Amy and I were preparing to go out and celebrate my birthday with my friend Todd and his wife Chris. As I was shaving, I looked in the mirror and noticed my hair was touching my ears, so I reached in the bathroom drawer and exhumed my electric hair trimmer.
I plugged in the clippers, fired them up, and felt the heavy pulsation in my hand. Vigorously, I laid the churning blades beside my head and cut a deep trench around my ear and down the side of my neck.
At that moment, Amy walked into the bathroom. The clippers were still vibrating in my hand and gray hair covered the sink and countertop like splotches of blood. Amy quickly covered her mouth with her hands, her eyes popped open, and she shouted, "Oh, my gosh, what have you done!"
"I was just going to trim it off my ears a little, but I guess I got carried away," I said. "It's OK, I'll trim the other side the same way and even it out."
"Noooooo!" Amy cried.
“Well, then I'll just buzz it all off and start fresh," I said.
"No," Amy said, pleadingly. "Just trim the other side a little and maybe no one will notice."
I folded my ear over to survey the damage. Behind my ear it looked as if I had a deep scar where the hair no longer grew. "They're going to notice," I said.
Amy just smiled a wry smile as if she had a horrible gas pain.
I did a respectable job of trimming the other side, and then I remembered that I wear glasses. I popped my glasses on and said, "Look, my glasses cover it up."
Amy looked at me, tilted her head a little, and as her gas pain rose in intensity, she said, "It looks fine."
I didn't believe her.
On our way to meet Todd and Chris, Amy and I stopped at the local grocery store just to return a movie to the Red Box. I parked, went into the store, returned the movie, and walked back out of the store. It took maybe 45 seconds.
Once I was back in the parking lot, I headed toward a gold Toyota. As I approached it, I realized it was a Camry and not a Corolla. Therefore, since I distinctly remember leaving the car running, I headed toward a car with its lights on. When I realized it was a Cadillac, I scanned the parking lot and couldn't find my car.
That's when I thought maybe Amy had moved the car closer to the store to pick me up. I checked the cars close to the building and none of them were mine. The back of my neck was getting cold because of a lack of hair, and that's when the thought hit me, Amy moved the car. "Ha ha ha," I thought. "That's really funny. Playing a trick on the old guy."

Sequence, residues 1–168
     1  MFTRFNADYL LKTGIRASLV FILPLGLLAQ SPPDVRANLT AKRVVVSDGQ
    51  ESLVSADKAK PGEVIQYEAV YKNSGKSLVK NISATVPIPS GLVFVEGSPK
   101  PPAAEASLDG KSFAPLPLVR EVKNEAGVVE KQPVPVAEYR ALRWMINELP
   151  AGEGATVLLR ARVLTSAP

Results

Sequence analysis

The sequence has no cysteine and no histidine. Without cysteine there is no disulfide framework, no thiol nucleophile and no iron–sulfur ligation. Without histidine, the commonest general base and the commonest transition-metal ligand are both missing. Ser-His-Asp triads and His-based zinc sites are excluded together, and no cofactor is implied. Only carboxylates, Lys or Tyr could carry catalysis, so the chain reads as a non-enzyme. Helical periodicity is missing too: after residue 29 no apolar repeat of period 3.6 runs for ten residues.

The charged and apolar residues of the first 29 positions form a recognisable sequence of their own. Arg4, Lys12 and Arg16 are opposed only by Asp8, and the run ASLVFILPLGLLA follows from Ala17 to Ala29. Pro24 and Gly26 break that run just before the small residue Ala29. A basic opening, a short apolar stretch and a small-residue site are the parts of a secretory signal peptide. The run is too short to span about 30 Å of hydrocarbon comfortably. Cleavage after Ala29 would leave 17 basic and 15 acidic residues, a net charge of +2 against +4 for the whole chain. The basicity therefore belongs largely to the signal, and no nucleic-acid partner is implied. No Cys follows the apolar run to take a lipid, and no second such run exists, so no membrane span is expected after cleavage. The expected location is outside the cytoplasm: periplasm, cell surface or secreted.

That's when I heard, "Grant. Over here."
It was Amy, waving her hand, standing next to the car exactly where I had parked it.
Amy laughed all the way to Stanz Cafe in Grand Haven where we met up with Todd and Chris. We enjoyed some great food, good conversation, and more than a few amber colored beverages. If Todd and Chris noticed my unusual haircut, they politely chose not to say anything.
Later in the evening, my grownup daughters, Natalie and Hillary, showed up with their significant others to help celebrate my birthday. Hillary noticed my haircut right away. "Dad, what happened?" she gasped.
"It's OK," I assured her. "It's not a cut. It's not a scar. I simply attempted to trim my own hair."
Hillary, not being one to mince words, suggested that next time I need my hair trimmed, I should employ the use of a professional. "Thank you," I said. "I'll remember that."
Then Amy shared the story of me getting lost in the grocery store parking lot right in front of Todd, Chris, Natalie, Hillary, and the significants. Everyone but me got a big laugh out of it and Amy went on to admit that she'd never really worried about our age difference until that very night.
On my 49th birthday, I think Amy got a glimpse into the future of a husband with a hideous haircut with his nose in the air wandering through parking lots searching for his lost vehicle.
—By Grant Berry, Tribune Community Columnist